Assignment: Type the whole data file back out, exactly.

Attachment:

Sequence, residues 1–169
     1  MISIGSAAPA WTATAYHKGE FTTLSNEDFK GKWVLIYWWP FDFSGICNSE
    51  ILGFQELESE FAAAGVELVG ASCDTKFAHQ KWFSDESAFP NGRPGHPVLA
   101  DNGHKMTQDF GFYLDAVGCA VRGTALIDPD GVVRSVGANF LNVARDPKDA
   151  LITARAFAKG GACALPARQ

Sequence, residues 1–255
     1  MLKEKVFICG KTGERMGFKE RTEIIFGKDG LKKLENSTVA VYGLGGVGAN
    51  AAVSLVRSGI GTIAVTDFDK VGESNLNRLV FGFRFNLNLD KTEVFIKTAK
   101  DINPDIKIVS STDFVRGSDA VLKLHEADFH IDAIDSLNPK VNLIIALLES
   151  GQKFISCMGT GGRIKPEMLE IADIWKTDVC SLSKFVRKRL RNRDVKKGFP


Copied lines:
Sequence, residues 1–169
     1  MISIGSAAPA WTATAYHKGE FTTLSNEDFK GKWVLIYWWP FDFSGICNSE
    51  ILGFQELESE FAAAGVELVG ASCDTKFAHQ KWFSDESAFP NGRPGHPVLA
   101  DNGHKMTQDF GFYLDAVGCA VRGTALIDPD GVVRSVGANF LNVARDPKDA
   151  LITARAFAKG GACALPARQ

Sequence, residues 1–255
     1  MLKEKVFICG KTGERMGFKE RTEIIFGKDG LKKLENSTVA VYGLGGVGAN
    51  AAVSLVRSGI GTIAVTDFDK VGESNLNRLV FGFRFNLNLD KTEVFIKTAK
   101  DINPDIKIVS STDFVRGSDA VLKLHEADFH IDAIDSLNPK VNLIIALLES
   151  GQKFISCMGT GGRIKPEMLE IADIWKTDVC SLSKFVRKRL RNRDVKKGFP